Clark Hill 2022 Automotive & Manufacturing Industry Outlook: Labor and Employment
This is shaping up to be another busy year for Human Resource departments. Beyond the COVID pandemic, there is no shortage of issues Automotive and Manufacturing employers must pay attention to and address. Being proactive in the following areas could be helpful to stave off litigation in 2022 and beyond.
Labor Relations: The National Labor Relations Board Pendulum Will Continue to Swing Towards Employees with a Democratic Majority
As predicted in our July 2021 NLRB Update, the NLRB now has a democratic, pro-union majority that is swiftly announcing employee friendly initiatives. Already, we know that the NLRB will be seeking to make it easier to prove joint employer status, harder to classify workers as independent contractors, and will be seeking injunctions if employers “threaten or coerce employees” during organizing campaigns. The Board has also indicated it is considering whether arbitration agreements and confidentiality clauses violate employees’ rights and whether certain work rules chill employee rights, including investigative-confidentiality rules, non-disparagement rules, and rules prohibiting outside employment. Employers need to remain mindful of the Board’s decisions and guidance to avoid potential unfair labor practice charges.
Wage and Hour: Incentive Pay Offered During the Great Resignation May Trigger Claims
Clark Hill PLC’s 2021 Roundtable on the Labor Shortage for Automotive and Manufacturing employers discussed several strategies for retaining and attracting talent. Key among them included providing incentive pay. Employers need to be reminded that most non-discretionary bonuses need to be included in the regular rate of pay for overtime purposes. It is a good idea to conduct a wage and hour audit for all new forms of compensation added in the last two years to ensure compliance and avoid litigation. This is especially important given that on January 6th, 2022, the NLRB and Department of Labor announced an initiative to share information to “help ensure that employers pay workers their rightful wages and that workers can take collective action to improve their working conditions without fear of retaliation.”
Restrictive Covenants: State and Federal Regulations are Trending Against Enforceability.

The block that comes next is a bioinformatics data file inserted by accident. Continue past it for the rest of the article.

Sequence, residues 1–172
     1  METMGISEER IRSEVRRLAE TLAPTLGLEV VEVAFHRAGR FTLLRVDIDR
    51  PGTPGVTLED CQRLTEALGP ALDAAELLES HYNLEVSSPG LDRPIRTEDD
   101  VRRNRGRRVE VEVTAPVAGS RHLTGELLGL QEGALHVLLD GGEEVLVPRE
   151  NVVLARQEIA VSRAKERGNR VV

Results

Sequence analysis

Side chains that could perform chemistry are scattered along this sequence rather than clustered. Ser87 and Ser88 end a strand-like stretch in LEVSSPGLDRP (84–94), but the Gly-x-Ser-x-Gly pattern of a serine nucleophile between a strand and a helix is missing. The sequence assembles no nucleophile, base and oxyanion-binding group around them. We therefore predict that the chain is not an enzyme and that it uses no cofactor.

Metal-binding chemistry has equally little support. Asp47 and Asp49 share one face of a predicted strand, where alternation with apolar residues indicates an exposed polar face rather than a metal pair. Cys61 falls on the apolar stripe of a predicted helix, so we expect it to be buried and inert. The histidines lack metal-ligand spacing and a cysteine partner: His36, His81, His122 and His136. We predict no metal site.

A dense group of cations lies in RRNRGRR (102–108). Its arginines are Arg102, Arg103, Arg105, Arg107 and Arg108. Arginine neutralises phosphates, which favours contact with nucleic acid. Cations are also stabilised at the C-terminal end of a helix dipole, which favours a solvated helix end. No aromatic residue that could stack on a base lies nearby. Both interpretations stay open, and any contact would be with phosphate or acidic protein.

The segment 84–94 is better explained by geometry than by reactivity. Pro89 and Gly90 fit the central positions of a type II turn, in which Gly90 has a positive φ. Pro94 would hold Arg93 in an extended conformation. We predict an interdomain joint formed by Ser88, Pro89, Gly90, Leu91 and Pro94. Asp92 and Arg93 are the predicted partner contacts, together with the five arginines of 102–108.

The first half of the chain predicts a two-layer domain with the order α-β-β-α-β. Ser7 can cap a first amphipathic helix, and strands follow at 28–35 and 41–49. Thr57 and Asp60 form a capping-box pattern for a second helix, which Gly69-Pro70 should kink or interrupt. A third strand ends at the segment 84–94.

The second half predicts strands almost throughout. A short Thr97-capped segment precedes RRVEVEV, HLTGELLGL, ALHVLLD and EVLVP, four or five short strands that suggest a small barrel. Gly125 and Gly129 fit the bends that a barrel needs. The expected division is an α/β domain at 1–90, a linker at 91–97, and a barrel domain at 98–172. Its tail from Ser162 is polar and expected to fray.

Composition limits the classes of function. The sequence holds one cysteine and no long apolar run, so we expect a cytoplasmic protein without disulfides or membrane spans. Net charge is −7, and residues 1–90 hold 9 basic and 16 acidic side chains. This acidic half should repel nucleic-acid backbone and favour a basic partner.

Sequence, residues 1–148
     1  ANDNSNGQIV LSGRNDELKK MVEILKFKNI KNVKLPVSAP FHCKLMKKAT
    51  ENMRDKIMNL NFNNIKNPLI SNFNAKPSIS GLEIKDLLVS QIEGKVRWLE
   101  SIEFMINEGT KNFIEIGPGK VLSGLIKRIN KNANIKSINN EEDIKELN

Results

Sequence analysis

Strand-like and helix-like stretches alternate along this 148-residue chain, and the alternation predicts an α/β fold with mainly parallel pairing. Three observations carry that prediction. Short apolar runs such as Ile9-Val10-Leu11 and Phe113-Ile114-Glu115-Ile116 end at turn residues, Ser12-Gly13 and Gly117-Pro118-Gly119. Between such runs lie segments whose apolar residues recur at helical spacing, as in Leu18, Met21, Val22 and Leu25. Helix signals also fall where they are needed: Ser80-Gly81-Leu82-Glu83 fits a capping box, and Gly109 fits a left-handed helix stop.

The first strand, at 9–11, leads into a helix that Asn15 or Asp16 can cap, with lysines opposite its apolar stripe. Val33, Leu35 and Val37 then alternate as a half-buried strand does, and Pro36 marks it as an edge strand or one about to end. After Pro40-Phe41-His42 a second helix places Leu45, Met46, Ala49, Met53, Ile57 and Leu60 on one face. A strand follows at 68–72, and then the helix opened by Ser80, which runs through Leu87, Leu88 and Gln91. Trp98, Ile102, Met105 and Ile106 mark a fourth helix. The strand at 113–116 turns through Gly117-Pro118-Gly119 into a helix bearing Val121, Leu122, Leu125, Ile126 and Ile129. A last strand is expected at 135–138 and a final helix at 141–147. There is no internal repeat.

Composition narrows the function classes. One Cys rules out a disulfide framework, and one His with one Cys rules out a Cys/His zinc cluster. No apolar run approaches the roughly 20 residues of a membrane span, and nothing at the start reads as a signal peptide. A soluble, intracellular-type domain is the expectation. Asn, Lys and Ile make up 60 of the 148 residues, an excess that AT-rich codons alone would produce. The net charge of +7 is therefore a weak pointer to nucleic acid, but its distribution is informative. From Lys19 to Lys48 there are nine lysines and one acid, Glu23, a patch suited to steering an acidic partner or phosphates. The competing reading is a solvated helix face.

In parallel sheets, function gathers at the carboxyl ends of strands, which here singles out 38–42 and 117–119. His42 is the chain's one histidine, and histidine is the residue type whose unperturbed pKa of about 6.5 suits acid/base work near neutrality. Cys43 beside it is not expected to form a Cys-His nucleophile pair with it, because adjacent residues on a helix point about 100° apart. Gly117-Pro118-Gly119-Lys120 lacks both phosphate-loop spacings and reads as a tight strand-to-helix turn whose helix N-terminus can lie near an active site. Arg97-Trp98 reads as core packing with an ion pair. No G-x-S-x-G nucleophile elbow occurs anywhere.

Clark Hill’s Paul Starkman, who has expertise restrictive covenants, reports that “employers in the automotive and manufacturing sectors are waiting to see what the Federal Trade Commission does with President Biden’s request that it consider banning restrictive covenants, such as non-competition and non-solicitation agreements. In the meantime, the states have stepped into the breach. Colorado recently became the latest state, following Illinois, Washington, and others, in enacting new (and differing) laws on the enforceability of restrictive covenants. Consequently, automotive and manufacturing employers may have to rethink their use of one of their primary methods of protecting their confidential information and important customer relationships from employees who may depart during the Great Resignation.” Look for Paul’s 50-state-survey on restrictive covenants soon.
Drug Testing and Policies: Increased Legality of Marijuana May Lead to Relaxation of Drug Policies and Potential Need to Accommodate
President Biden has suggested that his Administration will attempt to federally decriminalize marijuana. Many states have already legalized recreational and/or medicinal marijuana. As a result, it is predicted that employers who have not already loosened drug testing policies as a result of labor shortages may consider doing so in 2022. If marijuana is no longer a Schedule 1 Controlled Substance, employers may also need to consider allowing the medicinal use of marijuana as a reasonable accommodation for employees and applicants with disabilities under the Americans with Disabilities Act. Mario Bordogna will explore best practices associated with this trend in a complimentary Clark Hill webinar, Employee Drug Testing for Manufacturers, on March 23rd.
ADA Accommodations and Long Haul Covid
The Equal Employment Opportunity Commission updated its Technical Assistance Guidance in December 2021 to clarify that workers suffering from long-haul COVID may have a disability under the Americans with Disabilities Act. Vanessa Kelly adds, “I have observed that the EEOC has been very active in pursuing litigation against employers for alleged violations of the ADA, including failing to make reasonable accommodations.” One of the EEOC’s strategic initiatives is to remove barriers to employment for those in underrepresented communities, and those with disabilities. It is critically important that supervisors understand the need to bring requests for COVID-related accommodations, or other workplace modifications, to the attention of human resources.
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